Picking up where I left off in Part One, the emotional content of a creature vocal is almost always its most important characteristic… more important than how technically good the recording is, more important than the size of the creature in the original recording, and more important than how “coolly” weird the sound is.
In storytelling with sound, emotion is queen and king. Authenticity is crucial too. I have to say that I haven’t liked any of the creature vocal design I’ve heard produced by starting with a human voice and “animalizing” it with software. Maybe there are fantastic ones I haven’t heard, but the ones I know about sound inorganic, synthetic/electronic, and minimally interesting. In this piece I’ll be talking about building new creature vocals mostly from actual creature vocals you record and/or find in a library.
When you are listening to candidate sounds, those that will be your building blocks for the finished creature vocal, have your ears open for emotions like funny, sad, happy, angry, ferocious, confused, hurt, injured, bored, curious, nurturing, affectionate, surprised, startled, etc. And when you are building a sound effects library, don’t forget to attach those kinds of descriptors to each sound, so that searching for pure emotions will be easier. By the way, don’t limit your search to actual creature vocals. When building certain kinds of creature vocabularies, non-animal recordings can be useful too. One great example is the metal screeching sounds often used as elements for the vocals of Godzilla, Kaiju and other monsters in the Japanese tradition.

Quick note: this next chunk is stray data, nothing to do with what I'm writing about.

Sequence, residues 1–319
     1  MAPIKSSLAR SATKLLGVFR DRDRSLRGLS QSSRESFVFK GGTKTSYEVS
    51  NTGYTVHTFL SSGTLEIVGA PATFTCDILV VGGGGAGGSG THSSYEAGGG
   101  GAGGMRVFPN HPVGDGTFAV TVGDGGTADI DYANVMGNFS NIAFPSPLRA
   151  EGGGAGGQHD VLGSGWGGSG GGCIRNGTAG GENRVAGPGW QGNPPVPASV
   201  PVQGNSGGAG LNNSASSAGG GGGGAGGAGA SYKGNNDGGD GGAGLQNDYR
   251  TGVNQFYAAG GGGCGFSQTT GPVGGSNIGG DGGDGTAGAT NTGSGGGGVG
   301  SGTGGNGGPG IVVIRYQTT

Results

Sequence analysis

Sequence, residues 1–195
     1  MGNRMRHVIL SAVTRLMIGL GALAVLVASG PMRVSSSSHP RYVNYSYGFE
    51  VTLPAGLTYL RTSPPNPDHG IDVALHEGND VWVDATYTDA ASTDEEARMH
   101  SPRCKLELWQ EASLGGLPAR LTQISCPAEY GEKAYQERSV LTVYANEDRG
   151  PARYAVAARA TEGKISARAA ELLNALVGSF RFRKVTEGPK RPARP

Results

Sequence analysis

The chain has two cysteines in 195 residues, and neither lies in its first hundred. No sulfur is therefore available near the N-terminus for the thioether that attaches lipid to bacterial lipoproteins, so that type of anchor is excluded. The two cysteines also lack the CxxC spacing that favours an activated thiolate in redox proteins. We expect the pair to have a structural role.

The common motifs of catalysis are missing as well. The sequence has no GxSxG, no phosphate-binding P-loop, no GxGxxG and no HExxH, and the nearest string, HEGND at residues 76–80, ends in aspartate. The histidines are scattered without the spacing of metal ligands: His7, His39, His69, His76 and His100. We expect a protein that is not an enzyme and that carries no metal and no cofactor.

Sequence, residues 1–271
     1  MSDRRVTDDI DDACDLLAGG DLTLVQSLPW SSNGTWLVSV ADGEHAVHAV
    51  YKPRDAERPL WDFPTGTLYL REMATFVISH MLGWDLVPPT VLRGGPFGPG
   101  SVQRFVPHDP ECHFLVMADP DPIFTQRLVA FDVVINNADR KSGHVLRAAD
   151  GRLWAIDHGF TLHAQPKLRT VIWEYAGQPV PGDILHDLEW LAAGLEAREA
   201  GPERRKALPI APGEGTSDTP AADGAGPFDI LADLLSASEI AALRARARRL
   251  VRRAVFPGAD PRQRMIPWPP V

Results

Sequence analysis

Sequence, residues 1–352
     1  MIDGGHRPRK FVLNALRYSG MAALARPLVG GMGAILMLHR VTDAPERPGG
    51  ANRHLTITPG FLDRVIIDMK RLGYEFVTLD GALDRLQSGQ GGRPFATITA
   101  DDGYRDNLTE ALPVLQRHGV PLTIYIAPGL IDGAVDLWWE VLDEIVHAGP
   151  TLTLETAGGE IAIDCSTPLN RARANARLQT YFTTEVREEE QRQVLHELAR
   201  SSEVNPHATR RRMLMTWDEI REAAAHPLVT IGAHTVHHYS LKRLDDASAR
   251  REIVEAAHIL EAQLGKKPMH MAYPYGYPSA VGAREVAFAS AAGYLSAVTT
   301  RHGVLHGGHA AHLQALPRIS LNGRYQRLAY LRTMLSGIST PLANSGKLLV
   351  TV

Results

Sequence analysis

I’m a big believer in starting any kind of art project doing something close to throwing paint at the canvas. I suggest that you work quickly and be tolerant of mistakes, imperfections, and even stuff that just sounds wrong. Put a sound of some kind there, and then move on. The opposite approach, making sure that each step (in this case each vocalization) is perfect before moving on to the next one, will paralyze you.
As you work through a sequence, or a series of sequences, you will discover sounds that you’ll want to insert into a sequence you did earlier, where you previously just had a placeholder. That’s great, and exactly the way it should happen.
When I’m working in ProTools I’ll usually have an area of tracks after the end pop for a reel where I can do pure sonic design, paying little or no attention to picture. With almost all sound effects, certainly with a creature vocal, I usually break a sound into three parts: beginning, middle, and end. Just like a story, or a musical note.
When I’m trying to use real-world animal vocalizations to construct a fiction creature vocal, I rarely find a recording with a great beginning that also has a great middle and a great end. By “great” I mean great for my purposes, for the scene I’m working on. The attack of the sound may be weak, or distorted, or have any number of other problems that make it less than useful, but the middle or the end of that vocal might be gold. So, I’m always prepared to use pieces of a vocal I’ve recorded or found in a library, and then connect one piece with another and another so that the result is a compelling beginning, middle, and end.
But… connecting pieces of different recordings, and especially if those recordings are not even the same animal, is often hard. There are several ways to unify a sequence of disparate sounds.
I’ll describe some of those techniques in the next blog: Designing Creature Vocals, Part Three.